By Russ Ouellette
When the Hoyo de Tradicion first arrived in our store a couple of years ago, or thereabouts, I had to do a double-take because the band, which is much different than the one we’re familiar with, looks a lot like the Cuban version. That intrigued me enough to try it, and I remember being happily surprised, but for some reason I didn’t revisit the cigar for quite some time.

When I was asked to review the Epicure, I recalled that I enjoyed the cigar and was eager to give it another try. The 5.75 x 45 box-pressed vitola has a nice rusty-colored Honduran Rosado wrapper with a nice sheen and fine veins. The pre-light aroma is the fairly typical barnyard scent, but there’s a slightly sweet spiciness in the aroma, and it shows up again in the pre-light draw, along with toast and a hint of dark chocolate.

This series has some unique aspects, such as the reddish-hued wrapper, the use of Connecticut-grown Habano for a binder and the addition of Nicaraguan filler from the volcanic island, Ometepe. I like products that take a fresh approach, because there’s almost always going to be a surprise, and this cigar is no exception.

Hoyo de Monterrey Hoyo de Tradición Epicure Cigar Review

On initial light, the sweet spice and chocolate from the pre-light draw asserts itself as a nutmeg/cinnamon and cocoa burst. That began to transition after a handful of puffs into an oaky flavor with a bit of caramel, and this pleasantly sweet and woody character maintained itself for most of the first half of the smoke.

 



The burn is more than acceptable for its price range (around $5 to7) with no touchups required. When it started to run slightly, all I had to do is rotate the cigar a bit, and it evened itself out in just a few puffs. Considering that these are box-pressed, I’m pleasantly surprised at the consistently good construction.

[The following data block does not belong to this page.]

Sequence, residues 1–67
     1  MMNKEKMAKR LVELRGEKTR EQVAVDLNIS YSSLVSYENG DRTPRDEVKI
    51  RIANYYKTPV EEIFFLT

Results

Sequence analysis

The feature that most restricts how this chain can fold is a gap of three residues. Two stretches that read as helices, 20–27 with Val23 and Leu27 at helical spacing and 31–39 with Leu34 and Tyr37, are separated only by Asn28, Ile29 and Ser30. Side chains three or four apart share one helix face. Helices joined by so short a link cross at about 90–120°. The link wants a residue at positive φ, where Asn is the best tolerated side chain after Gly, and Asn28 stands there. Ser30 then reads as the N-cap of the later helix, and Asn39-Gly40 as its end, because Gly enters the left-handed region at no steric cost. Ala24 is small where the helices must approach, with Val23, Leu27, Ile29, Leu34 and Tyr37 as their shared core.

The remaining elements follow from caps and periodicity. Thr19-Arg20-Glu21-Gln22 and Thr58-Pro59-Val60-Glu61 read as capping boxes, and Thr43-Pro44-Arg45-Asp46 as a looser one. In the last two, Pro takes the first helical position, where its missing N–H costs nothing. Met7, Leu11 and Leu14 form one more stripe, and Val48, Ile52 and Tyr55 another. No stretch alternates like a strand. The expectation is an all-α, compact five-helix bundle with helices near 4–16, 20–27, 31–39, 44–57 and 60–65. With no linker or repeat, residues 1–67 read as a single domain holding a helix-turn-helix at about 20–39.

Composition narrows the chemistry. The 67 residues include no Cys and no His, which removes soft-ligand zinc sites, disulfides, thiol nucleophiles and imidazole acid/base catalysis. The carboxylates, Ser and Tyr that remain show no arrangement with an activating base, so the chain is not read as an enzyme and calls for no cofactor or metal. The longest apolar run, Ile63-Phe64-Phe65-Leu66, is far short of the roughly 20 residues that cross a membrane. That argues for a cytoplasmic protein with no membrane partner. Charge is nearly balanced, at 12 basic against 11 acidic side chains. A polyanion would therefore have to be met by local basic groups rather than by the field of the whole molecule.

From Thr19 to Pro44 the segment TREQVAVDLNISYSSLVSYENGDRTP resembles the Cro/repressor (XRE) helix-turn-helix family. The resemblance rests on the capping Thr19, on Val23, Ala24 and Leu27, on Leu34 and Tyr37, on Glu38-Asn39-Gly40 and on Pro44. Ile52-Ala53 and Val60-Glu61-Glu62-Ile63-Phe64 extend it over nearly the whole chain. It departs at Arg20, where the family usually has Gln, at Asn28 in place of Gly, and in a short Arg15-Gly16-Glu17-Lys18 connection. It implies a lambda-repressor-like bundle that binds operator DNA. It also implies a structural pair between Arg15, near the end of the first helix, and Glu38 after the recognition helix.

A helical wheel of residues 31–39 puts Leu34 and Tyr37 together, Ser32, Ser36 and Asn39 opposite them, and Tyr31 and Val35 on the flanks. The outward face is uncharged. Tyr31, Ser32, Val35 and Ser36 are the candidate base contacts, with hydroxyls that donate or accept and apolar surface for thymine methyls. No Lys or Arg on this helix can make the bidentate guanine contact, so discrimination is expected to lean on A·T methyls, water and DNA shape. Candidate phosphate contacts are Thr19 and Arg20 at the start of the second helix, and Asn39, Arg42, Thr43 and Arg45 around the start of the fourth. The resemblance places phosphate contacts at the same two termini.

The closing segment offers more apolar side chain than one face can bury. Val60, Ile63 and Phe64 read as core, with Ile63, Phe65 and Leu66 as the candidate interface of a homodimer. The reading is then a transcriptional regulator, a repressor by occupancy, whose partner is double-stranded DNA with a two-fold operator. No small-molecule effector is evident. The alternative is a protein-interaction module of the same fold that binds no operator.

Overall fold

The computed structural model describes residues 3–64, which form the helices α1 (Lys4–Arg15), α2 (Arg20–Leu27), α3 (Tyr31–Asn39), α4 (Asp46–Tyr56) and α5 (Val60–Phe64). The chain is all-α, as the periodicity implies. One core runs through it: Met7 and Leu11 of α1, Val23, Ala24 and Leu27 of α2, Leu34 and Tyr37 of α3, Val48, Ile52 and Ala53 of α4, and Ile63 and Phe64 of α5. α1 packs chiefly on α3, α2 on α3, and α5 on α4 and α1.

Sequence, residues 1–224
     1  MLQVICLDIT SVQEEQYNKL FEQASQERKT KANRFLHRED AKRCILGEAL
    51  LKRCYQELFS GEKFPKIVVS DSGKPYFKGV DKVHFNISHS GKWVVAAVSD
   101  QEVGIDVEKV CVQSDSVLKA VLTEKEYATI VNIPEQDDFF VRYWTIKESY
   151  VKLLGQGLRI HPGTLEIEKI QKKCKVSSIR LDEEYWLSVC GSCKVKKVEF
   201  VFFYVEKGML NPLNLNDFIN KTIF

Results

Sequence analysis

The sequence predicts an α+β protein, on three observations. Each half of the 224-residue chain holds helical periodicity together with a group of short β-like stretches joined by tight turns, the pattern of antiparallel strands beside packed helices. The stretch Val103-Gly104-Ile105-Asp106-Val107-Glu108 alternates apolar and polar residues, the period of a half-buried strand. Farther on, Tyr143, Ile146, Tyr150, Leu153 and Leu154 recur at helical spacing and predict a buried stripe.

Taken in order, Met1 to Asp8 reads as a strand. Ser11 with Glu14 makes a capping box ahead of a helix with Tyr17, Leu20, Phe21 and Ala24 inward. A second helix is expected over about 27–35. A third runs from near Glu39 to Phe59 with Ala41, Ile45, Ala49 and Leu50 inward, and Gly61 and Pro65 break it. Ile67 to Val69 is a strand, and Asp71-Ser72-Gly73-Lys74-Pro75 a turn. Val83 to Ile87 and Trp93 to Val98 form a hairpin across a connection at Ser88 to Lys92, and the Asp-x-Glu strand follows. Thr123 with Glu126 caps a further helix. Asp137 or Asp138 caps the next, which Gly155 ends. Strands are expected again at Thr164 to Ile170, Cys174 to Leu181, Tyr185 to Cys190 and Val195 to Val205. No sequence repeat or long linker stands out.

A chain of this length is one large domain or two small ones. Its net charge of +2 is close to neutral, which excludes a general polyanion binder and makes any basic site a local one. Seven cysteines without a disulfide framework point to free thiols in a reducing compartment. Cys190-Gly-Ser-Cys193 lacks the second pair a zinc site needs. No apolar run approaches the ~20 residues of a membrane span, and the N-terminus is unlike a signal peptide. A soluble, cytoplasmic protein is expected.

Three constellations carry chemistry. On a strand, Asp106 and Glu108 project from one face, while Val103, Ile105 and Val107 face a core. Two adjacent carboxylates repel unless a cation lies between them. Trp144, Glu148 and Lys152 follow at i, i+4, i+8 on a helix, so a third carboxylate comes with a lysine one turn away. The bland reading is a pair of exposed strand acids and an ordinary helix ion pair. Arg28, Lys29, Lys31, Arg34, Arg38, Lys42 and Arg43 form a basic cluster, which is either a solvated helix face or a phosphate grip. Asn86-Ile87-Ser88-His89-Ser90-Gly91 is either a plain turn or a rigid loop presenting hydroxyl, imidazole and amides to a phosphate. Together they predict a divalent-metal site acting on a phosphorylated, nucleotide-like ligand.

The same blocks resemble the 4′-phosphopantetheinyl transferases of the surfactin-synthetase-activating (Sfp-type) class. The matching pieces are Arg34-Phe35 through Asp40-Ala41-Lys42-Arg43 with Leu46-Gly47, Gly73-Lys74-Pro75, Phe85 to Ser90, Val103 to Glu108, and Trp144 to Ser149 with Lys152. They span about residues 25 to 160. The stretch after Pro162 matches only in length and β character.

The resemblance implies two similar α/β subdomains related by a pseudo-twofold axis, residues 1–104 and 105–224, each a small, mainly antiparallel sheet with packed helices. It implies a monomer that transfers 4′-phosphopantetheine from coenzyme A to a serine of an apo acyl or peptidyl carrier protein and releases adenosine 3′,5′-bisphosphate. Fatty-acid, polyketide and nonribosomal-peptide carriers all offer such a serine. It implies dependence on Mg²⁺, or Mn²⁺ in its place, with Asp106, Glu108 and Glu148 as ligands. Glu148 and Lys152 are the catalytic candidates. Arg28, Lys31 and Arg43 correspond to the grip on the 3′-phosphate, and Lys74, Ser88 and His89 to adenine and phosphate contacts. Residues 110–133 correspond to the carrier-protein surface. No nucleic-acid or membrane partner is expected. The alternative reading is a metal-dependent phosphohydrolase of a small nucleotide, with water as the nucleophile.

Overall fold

The aroma is pleasant, like an aromatic wood fire with a bit of spice, and the Epicure produces nice volumes of blue-white smoke. As it moves into the second half, the flavors morph quite a bit. The spice steps up, and notes of leather move in, especially on the lips. The depth develops as a distinct coffee flavor shows up, and then, as I’ve noted in other cigars with Ometepe tobacco, a touch of dry black cherry works its way into the core.

In the last third, an occasional little burst of spice jumps out along with a sweet earthiness, and the cigar settles into a groove with a nicely integrated mélange of flavors, and a marked lack of bitterness.

Frankly, I guess that part of the reason that I didn’t go back to this particular well is a subconscious predisposition to look upon cigars from the large manufacturers as boring and repetitive, but in this particular case, that is absolutely not true. This is one smoke that will find its way into my regular rotation for those times when I want complexity, not power.

For appearance, with the silky Rosado wrapper, this one gets 13 out of 15, for construction and burn, I give it 31 out of 35, and for flavor and aroma, I’ll call it 43 out of 50 for an aggregate of 87, and I have no problem recommending it to anyone looking for a solid medium-bodied cigar with a complex and interesting flavor profile.

Overall rating: 87

5.2 x 50
Wrapper: Jamastran (Honduras)
Binder: Connecticut Habano
Filler: Dominican Republic, Honduras and Nicaragua
Made in: Honduras

Russ Ouellette is the blender/creator of the Hearth & Home series of pipe tobaccos for Habana Premium Cigar Shoppe and www.pipesandcigars.com in Albany, NY. He has been a cigar smoker and pipe tobacco blender for over 30 years. Russ will be contributing articles in several areas starting with reviewing cigars that are the best bang for the buck – something we anticipate many readers will be interested in during these challenging economic times.

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